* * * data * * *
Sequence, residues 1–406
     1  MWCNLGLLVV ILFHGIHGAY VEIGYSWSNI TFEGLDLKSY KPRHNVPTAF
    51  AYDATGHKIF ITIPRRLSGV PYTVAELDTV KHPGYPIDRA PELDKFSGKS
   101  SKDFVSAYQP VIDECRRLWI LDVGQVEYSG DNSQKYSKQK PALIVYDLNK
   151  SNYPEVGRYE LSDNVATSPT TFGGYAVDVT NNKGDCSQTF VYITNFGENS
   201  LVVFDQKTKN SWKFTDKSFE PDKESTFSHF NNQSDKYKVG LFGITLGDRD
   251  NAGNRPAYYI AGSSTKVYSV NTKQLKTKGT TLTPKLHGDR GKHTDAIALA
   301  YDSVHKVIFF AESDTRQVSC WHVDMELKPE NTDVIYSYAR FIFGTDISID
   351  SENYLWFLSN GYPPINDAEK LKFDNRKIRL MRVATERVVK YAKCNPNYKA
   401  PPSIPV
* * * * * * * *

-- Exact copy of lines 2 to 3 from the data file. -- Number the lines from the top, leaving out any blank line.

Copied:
     1  MWCNLGLLVV ILFHGIHGAY VEIGYSWSNI TFEGLDLKSY KPRHNVPTAF
    51  AYDATGHKIF ITIPRRLSGV PYTVAELDTV KHPGYPIDRA PELDKFSGKS